The Fall Meeting of the American Geophysical Union is one of the largest annual gatherings of scientists. Some 22000 have descended on San Francisco to discuss topics from the magnetosphere and heliosphere to river erosion mapping using airborne laser scanning and the use of GRACE for water budget estimation in the Colorado River basin. Here some of my highlights from the first half of the meeting:
- Google is coming (cheer or run for cover as appropriate). Google have laid out their new Earth Engine, an online, in the cloud, satellite image processing system. Yup, they really are taking over the World. Earth Engine includes a range of MODIS products, over half a million Landsat scenes and a host of digital elevation data. You can display, classify, perform image arithmetic and more. Earth Engine was used for a study by Hansen and colleagues wh estimated the extent of global deforestation published this year in Science. It even made the news. Google Earth Engine is sure to put the cat among the pigeons by providing free tool with masses of computational power, that is scalable and adaptable. It may not challenge the likes of ERDAS and ENVI but it must worry some of the smaller players. Watch this space.
- Snow! There has been a lot of talk about snow. Tom Painter and colleagues from JPL have held several presentations outlining the operations and results of their Airborne Snow Observatory. The ASO uses LiDAR and multispectral imaging to estimate snow depth, from which snow water equivalent (SWE) is estimated, and to calculate radiation fluxes for melt modelling. Jeff Dozier presented work on using backward energy balance modelling and MODIS data to estimate melt in the Hindu Kush. Other presenters included Carrie Vuyovich and Jennifer Jacobs talking about problems in retrieving snowpack parameters from passive microwave data for flood forecasting in the Great Plains and Jóse Infante who illustrated the use of the ArcSWAT hydrological model for snow runoff modelling.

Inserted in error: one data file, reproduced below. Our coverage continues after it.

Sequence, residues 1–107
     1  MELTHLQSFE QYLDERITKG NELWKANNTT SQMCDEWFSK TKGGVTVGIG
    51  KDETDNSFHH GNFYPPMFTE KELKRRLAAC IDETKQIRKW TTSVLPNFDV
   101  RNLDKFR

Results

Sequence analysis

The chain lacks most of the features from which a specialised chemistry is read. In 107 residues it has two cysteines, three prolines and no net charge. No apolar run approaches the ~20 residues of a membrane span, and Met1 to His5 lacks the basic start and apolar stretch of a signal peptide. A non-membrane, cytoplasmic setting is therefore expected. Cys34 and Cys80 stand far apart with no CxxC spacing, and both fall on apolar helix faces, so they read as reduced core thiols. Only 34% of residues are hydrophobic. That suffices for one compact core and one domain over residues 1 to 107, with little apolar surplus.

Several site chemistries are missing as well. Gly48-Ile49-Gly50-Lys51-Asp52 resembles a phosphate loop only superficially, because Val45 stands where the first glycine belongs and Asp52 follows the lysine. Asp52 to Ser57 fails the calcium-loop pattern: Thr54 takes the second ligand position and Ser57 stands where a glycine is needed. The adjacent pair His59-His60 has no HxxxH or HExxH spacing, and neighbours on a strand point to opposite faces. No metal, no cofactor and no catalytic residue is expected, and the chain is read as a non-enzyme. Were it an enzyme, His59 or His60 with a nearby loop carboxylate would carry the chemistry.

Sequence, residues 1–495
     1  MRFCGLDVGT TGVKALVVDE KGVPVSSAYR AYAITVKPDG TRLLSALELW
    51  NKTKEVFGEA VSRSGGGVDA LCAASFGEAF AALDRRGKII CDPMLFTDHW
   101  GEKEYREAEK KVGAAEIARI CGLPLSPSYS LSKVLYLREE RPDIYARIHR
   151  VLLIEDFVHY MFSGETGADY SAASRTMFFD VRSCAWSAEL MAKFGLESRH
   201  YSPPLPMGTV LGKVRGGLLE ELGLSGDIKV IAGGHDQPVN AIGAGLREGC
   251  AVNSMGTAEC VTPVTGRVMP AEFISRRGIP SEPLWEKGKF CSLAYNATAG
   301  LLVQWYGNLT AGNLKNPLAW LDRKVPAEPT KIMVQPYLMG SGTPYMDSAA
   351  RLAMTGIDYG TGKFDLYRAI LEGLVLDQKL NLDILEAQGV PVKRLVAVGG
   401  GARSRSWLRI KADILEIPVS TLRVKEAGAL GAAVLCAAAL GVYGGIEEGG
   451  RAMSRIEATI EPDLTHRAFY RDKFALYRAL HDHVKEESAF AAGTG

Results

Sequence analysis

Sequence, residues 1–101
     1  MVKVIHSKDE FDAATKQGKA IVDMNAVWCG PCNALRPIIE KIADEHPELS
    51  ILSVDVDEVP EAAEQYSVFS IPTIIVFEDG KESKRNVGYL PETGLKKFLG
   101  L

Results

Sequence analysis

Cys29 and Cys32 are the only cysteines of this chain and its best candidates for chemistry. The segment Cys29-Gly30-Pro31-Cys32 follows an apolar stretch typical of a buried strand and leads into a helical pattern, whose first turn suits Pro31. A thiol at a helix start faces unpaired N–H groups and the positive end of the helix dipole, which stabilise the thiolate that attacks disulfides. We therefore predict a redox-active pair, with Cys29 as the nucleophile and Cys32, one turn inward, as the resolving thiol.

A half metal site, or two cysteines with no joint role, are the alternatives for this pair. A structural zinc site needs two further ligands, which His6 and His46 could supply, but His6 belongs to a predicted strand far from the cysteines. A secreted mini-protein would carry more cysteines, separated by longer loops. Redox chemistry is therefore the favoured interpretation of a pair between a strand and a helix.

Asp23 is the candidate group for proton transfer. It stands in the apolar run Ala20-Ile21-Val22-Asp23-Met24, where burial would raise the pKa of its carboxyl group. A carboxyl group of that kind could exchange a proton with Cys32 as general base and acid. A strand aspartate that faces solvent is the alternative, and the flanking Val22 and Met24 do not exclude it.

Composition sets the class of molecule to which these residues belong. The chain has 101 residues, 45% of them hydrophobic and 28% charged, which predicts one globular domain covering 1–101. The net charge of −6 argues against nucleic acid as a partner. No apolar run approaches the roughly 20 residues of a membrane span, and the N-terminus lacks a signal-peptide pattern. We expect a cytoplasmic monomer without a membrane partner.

Deltas δ. Lots of posters have been presented on all aspects of deltas and coastal (eco-)systems. Many use remote sensing. Andrea Taramelli showed an impressive optical-SAR approach to integrated monitoring which included the use of interferogram stacking to estimate subsidence. The project aims to roll out an operational monitoring service under the EU Copernicus umbrella. Ian Harrison’s poster outlined the results of multi-temporal L-band SAR observations of mangrove dynamics using JERS-1 and ALOS PALSAR data. Lots of work looked at sea level or climate impacts on ecosytems and local populations.
So that’s just a taster. More to come later, but now I am off to listen to Compton J. Tucker present a new improved multi-decadal time series of vegetation index (NDVI) imagery.